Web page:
Landing page design in Webflow


  • Company

    Saint James’s Place

  • Client

    Mail Metro Media

  • Project deliverable

    Website landing page

  • Responsibilites

    UI design and Webflow development

  • Software

    Figma and Webflow

  • Project timeframe

    10 days

Website address

  1. Understand the problem
  2. Visual design
  3. Web development in Webflow
  4. The outcome

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With the economy on the brink of bankruptcy from the effects of the global pandemic people are seeking advice on how to protect and grow their money.

Saint James’s Place saw this as an opportunity to target Mail readers with free financial advice with the objective of turning them into customers.


The purpose of the landing page is to encourage the user to:

  1. Request a financial planning guide. (Primary goal)
  2. Book a meeting with a financial adviser. (Secondary goal)

8,000 to 10,000 requests for guides and 600 meetings with financial adviser were provided as measurable targets.

These figures would be used as metrics to determine whether the website had been a success or not.


Design a single web page with two forms to allow users to request a free 16 page financial guide and to book a meeting with a financial adviser.

We aimed to deliver:

  1. Responsive web page.
  2. Web page optimised for mobile.
  3. Section for video.
  4. 2 forms to capture user details.
  5. Customer testimonials to engender trust.
  6. Visible unique value proposition.
  7. Information about the benefits of having a financial adviser.
  8. FAQs to answer customer questions.
  9. Highly visible calls to action.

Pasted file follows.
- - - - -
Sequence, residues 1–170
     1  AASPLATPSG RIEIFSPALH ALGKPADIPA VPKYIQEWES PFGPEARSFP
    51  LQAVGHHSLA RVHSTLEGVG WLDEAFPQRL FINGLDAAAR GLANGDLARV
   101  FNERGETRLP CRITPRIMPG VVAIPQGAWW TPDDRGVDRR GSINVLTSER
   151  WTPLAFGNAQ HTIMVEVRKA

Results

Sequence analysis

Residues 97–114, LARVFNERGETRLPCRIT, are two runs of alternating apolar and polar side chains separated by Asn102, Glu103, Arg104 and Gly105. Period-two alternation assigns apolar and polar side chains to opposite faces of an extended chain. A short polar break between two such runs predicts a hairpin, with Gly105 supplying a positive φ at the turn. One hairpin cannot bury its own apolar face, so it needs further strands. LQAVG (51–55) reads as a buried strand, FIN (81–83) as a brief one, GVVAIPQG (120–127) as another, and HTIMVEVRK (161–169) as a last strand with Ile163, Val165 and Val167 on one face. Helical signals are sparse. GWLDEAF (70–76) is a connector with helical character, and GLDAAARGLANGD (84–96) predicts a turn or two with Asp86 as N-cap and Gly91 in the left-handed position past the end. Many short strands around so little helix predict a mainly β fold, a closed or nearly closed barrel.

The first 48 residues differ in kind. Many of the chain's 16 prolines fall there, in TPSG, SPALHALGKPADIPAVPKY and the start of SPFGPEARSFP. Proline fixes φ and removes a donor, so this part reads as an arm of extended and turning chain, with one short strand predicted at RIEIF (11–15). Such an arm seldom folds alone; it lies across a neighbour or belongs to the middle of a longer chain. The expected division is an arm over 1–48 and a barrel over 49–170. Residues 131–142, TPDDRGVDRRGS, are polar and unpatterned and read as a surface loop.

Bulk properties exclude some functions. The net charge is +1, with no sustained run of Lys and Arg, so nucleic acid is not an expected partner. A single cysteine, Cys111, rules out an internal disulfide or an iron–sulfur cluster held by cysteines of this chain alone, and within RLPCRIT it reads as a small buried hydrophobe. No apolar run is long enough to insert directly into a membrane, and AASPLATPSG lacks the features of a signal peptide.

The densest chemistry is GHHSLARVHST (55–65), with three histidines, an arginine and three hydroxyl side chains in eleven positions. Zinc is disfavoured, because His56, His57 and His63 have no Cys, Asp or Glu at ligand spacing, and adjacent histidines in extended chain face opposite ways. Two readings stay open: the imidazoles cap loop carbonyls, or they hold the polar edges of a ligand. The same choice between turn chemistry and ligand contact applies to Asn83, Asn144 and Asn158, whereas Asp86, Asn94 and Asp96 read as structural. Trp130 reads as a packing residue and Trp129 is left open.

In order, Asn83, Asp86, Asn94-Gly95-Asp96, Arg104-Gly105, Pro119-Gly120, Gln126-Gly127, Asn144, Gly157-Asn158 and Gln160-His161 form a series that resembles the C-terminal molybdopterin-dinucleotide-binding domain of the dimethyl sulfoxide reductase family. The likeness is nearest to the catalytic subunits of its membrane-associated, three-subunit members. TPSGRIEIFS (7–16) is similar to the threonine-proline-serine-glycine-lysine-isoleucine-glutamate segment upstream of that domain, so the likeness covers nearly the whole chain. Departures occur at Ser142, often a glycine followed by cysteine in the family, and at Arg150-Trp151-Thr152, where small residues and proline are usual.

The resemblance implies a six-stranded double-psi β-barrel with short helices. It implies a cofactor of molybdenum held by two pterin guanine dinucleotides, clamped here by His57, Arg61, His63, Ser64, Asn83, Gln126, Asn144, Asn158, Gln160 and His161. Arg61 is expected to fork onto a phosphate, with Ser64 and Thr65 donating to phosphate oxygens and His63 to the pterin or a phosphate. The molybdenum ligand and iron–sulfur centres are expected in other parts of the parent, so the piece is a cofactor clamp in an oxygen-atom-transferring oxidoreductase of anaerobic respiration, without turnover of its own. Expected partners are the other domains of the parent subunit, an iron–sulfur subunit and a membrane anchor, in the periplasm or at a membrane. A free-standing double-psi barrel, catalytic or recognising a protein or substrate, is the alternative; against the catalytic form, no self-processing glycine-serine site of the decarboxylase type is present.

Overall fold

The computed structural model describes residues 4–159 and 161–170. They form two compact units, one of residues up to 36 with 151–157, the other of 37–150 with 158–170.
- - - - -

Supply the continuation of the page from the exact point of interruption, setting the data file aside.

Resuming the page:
The landing page targets people looking for financial advice.

Primary audiences:

  • Mail readers aged 55-75.
  • Established investors and golden age.
  • Maturing families.

Having defined the website’s users, I considered user stories to determine what tasks people may want to accomplish when visiting the landing page.

Example user stories:

  • As an established investor I want to learn more about Saint James’s Place so that I feel I can trust the company and its services.
  • As an established investor I want to learn about their reputation in the industry so that I can feel confident and empowered.
  • As an established investor I want to read testimonials from other customers so that I can feel happy with this company and what they are offering.

User stories help to understand user needs, pain points, emotions and opportunities and how best to respond to them as website design features.

From user stories I was able to summarise the needs of the user.

Key tasks that users need to perform:

  • Find out more about the company and its unique value proposition within the industry.
  • Read testimonials of happy customers.
  • Read about the benefits of having a financial adviser.
  • Read FAQs for further questions prospective customers might have.

Cognitive emotions that users need to feel when visiting the web page:

  • Confident.
  • Trusted.
  • Empowered.
  • Informed.
  • Relief.

Seeking advice could bring peace of mind and financial happiness in a world of uncertainty and chaos.


For users to experience the cognitive emotions listed above the primary message would concentrate on Saint James’s Place’s unique value proposition as a trusted, valued and reputable company.

The supporting message highlights other benefits such as:

  • How seeking financial advice helps achieve the retirement lifestyle you want.
  • There are small changes which you can make today which can make a huge impact on your finances when you stop working.